As we return to our offices, hopefully feeling refreshed and recharged after a summer break, it is time to reflect on the last three months of developments in international investment law and arbitrations. The third quarter of this year has been marked by significant changes and noteworthy trends not only vis-à-vis the Energy Charter Treaty (Part I) but also with regards to recent investor state arbitration case law (Part II) and international and national policy (Part III).
The Energy Charter Treaty related developments
July was a particularly busy period for those observing the developments around the ECT. On 7 July, the European Commission issued a statement proposing coordinated withdrawal from the Treaty for the EU, its Member States, and EURATOM (the supply agency of the European Atomic Energy Community). Also, an anti-ECT sentiment kept spreading among European States while the modernisation of the ECT has been perceived as dragging on too long. Even the United Kingdom, one of the main drivers of the modernisation process, has announced its intention to withdraw unless the ongoing impasse is resolved by November. In Germany, as described in great details by Agata Daszko, the Federal Court of Justice (BGH), faced with conflicting decisions from lower courts as to the admissibility of intra-EU claims, declared that EU law takes precedence over public international law obligations stemming from the ECT. Ultimately, given the perceived incompatibility of ECT’s dispute settlement clause (Article 26) with EU law, BGH concluded that intra-EU arbitral proceedings are inadmissible for lack of an effective arbitration agreement. Similarly in Sweden, the Supreme Court refused to grant Novenergia (one of the claimants in the Spanish renewables saga under the ECT), leave to appeal an earlier decision, by the Svea Court of Appeal, which set aside the arbitral award for being incompatible with EU law.
Despite securing a win in Sweden, Spain continues to face difficulties in attempting annulment and setting aside of ICSID awards. In the United Kingdom, an interim charging order has been reportedly issued in August, permitting investors to seize a London property owned by the Spanish government. The order follows last May High Court judgment where Justice Fraser rejected Spain’s plea to set aside the recognition of the ICSID award in favour of Infrastructure Services Luxembourg SÀRL and Energia Termosolar BV. At the same time, on 19 and 22 September the ICSID Secretary-General registered two applications for annulment of the awards filed by Spain, respectively in Sevilla Beheer B.V. and others v. Kingdom of Spain, and Eurus Energy Holdings Corporation v. Kingdom of Spain. Eurus is one of the four Japanese (controlled) investors that have brought cases arising out of a series of energy reforms affecting the renewables sector against Spain (the other three being JGC Holdings Corporation, Itochu and Mitsui & Co., Ltd). The award awarding Eurus €106 million on the ground of Spain breach of the element of stability in Article 10(1) ECT already went through a rectification procedure under Article 49(2) of the ICSID Convention earlier this year. Now, we are looking forward to seeing the grounds on which the annulment is brought, especially because the case did not involve an intra-EU jurisdictional objection based on Achmea and Komstroy (which as we all know is one of the leitmotifs in the attempted annulment of intra-EU / ECT awards). We will keep you posted.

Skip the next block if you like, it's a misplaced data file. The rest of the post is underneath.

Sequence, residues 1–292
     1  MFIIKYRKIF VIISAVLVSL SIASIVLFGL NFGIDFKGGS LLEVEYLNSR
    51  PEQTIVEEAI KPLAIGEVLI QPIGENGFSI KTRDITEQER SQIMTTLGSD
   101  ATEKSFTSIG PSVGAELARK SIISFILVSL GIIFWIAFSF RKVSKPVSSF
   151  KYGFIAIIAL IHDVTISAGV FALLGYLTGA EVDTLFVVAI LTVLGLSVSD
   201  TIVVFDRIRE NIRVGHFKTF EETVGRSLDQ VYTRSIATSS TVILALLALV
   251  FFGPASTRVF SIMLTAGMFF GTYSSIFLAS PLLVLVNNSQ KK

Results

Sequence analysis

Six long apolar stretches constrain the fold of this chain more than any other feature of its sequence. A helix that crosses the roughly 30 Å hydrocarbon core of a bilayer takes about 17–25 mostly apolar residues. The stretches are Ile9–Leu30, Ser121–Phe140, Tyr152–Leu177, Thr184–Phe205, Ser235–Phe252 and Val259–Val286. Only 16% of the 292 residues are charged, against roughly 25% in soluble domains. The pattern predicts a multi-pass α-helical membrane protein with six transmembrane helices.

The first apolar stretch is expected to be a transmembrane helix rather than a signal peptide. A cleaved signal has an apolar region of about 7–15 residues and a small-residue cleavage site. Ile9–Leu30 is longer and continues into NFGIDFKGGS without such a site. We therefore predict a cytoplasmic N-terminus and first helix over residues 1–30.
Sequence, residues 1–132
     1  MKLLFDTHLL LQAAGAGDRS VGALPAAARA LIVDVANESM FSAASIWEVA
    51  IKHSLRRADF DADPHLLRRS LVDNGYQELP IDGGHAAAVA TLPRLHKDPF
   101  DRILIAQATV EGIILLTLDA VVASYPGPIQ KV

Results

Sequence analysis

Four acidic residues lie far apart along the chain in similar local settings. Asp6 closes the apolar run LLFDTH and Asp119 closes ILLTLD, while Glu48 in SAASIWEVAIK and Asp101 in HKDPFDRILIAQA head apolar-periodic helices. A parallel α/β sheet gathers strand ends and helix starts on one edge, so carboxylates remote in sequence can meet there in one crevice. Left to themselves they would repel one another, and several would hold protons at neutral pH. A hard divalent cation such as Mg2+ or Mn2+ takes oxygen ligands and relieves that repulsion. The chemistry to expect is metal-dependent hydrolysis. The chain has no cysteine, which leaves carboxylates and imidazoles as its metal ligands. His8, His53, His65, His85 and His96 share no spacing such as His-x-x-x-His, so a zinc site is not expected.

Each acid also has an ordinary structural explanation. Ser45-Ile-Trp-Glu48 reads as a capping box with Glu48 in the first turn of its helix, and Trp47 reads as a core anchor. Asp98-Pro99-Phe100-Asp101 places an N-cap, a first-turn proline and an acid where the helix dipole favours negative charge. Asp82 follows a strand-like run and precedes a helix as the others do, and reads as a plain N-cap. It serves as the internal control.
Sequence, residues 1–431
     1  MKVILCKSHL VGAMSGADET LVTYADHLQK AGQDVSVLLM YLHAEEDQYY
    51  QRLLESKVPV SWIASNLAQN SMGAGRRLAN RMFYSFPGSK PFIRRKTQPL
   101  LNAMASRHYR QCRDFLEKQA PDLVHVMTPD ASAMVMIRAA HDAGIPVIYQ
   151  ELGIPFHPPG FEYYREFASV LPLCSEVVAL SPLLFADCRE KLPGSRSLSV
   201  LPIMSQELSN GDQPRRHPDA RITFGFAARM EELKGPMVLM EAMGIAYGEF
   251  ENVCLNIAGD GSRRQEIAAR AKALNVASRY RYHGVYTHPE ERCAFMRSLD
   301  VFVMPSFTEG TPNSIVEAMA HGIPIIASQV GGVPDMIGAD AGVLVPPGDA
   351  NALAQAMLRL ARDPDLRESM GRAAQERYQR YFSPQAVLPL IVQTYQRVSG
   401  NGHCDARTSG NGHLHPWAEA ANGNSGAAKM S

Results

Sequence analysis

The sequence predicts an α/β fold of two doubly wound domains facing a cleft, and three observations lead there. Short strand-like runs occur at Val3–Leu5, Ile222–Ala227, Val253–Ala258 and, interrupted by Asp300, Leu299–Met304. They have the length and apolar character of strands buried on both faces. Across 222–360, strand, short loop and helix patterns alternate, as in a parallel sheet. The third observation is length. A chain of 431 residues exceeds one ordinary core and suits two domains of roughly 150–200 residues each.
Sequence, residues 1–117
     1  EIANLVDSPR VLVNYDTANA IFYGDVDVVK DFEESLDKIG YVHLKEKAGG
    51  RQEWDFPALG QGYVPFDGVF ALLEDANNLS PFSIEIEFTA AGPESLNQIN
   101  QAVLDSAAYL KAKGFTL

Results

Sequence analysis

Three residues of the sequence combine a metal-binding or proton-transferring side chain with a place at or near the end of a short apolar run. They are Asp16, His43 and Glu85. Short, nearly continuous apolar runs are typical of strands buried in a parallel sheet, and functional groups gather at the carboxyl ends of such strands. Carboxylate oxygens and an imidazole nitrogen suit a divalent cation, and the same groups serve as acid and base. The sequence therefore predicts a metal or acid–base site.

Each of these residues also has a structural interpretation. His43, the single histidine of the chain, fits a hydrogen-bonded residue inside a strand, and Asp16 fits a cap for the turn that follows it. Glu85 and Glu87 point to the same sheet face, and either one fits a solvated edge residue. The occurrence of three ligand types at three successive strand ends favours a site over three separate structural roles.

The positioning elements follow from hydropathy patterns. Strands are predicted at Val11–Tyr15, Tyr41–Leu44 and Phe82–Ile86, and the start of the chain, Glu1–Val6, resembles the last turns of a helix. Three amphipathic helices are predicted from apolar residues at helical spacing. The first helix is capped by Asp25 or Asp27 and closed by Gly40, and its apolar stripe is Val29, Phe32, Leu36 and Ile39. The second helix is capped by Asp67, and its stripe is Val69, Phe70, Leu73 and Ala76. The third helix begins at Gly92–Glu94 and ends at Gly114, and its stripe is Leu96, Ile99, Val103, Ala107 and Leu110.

On the front of enforcement of ECT awards across the pond, the enforcement proceedings stemming from the contradictory cases of NextEra v. Spain and 9Ren v. Spain have attracted at least six amicus curiae briefs before the US Court of Appeals for the DC Columbia District. One of the briefs, authored by a group of experts (including Baltag, Desierto, Happ, Lavranos and Schreuer), calls for the Court to uphold jurisdiction over the enforcement petitions by giving deference to the ICSID Convention (and especially Articles 52-54) as a self-contained system. Conversely, a brief by the European Commission makes minimal reference to the ICSID Convention but rather concentrates on the role and responsibilities of the US courts and the standing of public international law in the EU legal order. Of interest is also a brief penned by the US Chamber of Commerce, which argues that to agree with Spain “would flout the ICSID Convention’s principle of non-interference, violate US’ treaty obligations and offer a roadmap for foreign sovereigns to avoid their own obligations”. On 15 September 2023, the Japanese JGC Holdings Corporation, started an enforcement proceeding of the €23.5 million award in front of the US District Court for the District of Columbia (Case No. 1:2023cv02701). The filing of the proceeding made public the decision in favour of JGC building and for the enthusiast of the Spanish renewable saga constitutes another small piece of the puzzle on a not-so-consistent interpretation of Art. 10(1) ECT and Fair and Equitable standard.